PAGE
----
Tuesday, 30 October 2012

About beef cattle production

Approximately 80-90 % of beef eaten in the world comes from dairy production, where unwanted male calves are sold for beef cattle producers. About half of all calves born in a dairy farm are males. The calves stay with their mothers for some days, after which they are transferred usually to group pens with other calves. They are still fed milk, either from buckets, bottles or an automated calf feeder.

Between 10-39 days of age these young bulls leave their birth farm. In the Northern Europe, bull calves are sold to a slaughterhouse, which in fact transport the animals forward to another farm. These calf farms continue feeding the calves with milk for about six weeks. At the age of 2-4 months the calves can be considered as "teenagers" - at this stage healthy animals grow 800 - 1400 grams each day! This number varies between cow breeds. For dairy breeds the growth target is ~500 g / day, and ~700 g / day for beef breeds. When the animals weigh 120-180 kilograms (about 3-4 months of age), they may be transported to yet another farm, where they'll stay until they are slaughtered at the age of 16-19 months.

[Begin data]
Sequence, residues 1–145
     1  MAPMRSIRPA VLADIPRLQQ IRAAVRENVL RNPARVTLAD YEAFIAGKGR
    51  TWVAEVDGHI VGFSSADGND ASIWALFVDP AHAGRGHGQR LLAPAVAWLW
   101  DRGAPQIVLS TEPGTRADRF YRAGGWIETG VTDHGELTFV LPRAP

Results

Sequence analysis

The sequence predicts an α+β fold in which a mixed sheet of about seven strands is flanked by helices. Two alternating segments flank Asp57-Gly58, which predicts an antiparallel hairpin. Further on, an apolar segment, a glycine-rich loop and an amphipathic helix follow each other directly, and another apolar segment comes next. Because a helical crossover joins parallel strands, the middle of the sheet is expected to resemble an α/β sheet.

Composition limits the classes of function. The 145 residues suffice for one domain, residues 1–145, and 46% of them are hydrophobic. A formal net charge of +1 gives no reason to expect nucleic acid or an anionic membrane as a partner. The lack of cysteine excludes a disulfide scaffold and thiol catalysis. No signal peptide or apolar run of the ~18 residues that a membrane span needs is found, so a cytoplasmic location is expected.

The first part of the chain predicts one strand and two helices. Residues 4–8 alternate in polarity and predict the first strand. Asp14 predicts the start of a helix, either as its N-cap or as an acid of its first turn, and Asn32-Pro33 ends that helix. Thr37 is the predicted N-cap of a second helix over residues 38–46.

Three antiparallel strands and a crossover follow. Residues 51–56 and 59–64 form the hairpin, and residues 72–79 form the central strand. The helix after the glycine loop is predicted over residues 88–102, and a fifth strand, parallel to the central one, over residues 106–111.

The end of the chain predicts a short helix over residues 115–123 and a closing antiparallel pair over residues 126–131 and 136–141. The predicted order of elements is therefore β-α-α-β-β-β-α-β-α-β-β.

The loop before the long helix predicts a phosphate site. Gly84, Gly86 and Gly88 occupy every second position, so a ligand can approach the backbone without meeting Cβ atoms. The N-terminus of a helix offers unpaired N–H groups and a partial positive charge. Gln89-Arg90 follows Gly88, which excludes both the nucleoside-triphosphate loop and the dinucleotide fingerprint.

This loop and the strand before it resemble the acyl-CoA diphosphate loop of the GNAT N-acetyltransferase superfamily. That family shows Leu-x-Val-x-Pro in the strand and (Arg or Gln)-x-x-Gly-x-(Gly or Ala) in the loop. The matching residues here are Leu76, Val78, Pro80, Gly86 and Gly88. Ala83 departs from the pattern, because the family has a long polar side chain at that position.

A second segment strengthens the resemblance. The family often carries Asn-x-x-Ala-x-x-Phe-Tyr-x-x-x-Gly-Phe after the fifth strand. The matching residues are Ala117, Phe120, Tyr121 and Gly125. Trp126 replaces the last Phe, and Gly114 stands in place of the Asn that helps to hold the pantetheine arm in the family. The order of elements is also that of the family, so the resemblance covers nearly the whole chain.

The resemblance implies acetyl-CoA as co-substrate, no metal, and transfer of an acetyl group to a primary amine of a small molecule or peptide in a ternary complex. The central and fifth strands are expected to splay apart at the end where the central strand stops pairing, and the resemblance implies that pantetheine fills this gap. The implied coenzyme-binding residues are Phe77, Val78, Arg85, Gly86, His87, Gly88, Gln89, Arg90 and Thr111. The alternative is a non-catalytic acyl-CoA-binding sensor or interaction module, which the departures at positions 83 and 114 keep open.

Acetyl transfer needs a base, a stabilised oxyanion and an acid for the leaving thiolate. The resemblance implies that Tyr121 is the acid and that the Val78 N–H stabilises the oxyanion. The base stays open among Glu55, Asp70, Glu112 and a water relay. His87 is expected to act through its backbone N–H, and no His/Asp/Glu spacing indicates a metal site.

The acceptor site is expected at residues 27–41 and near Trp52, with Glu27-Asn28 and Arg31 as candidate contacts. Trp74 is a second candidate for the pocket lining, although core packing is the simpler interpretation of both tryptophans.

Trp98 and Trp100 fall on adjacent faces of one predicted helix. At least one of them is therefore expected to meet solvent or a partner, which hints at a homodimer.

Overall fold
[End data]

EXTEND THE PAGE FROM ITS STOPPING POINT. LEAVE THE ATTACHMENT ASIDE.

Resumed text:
Beef cattle in the last, fattening phase.
In this case, their living conditions are abysmal.
Those farms which buy young or "teen" animals and grow them to adults have constantly a high risk of infective diseases. Animals from different farms carry different bacteria and are immune to different pathogens. It is immensely important to test the new animals especially for salmonella and BVD, and keep new animals strictly in their own sections of the barn. Each pen or section should be filled and emptied once (all in - all out), so it can be properly washed and disinfected between batches of animals. The animals are also very stressed when they arrive to a new farm. They have to get used to the new feed, barn, pen structure, feeding system etc, and yet eb able to stay healthy and grow well. This is a great challenge for the producers. Also, all medications given to cattle must be documented. When a live animal is sold, the producer must provide the buyer with information on all medications given to the animal within the last 3 months. The documentation must be done in every farm as long as the animal lives.


As mentioned, beef cattle are slaughtered at the age of 16-19 months. At this stage bulls weigh about 300-350 kg, which is half of their adult weight. Heifers should weigh over 200 kilograms.


Raising beef cattle  in America: Explore Beef
A different view by Animal Aid - Suffering of beef cattle

1 comment:

  1. Well, this is informative. Thanks for posting this . I am fairly certain that this information here will be a source of great use to a lot of people.

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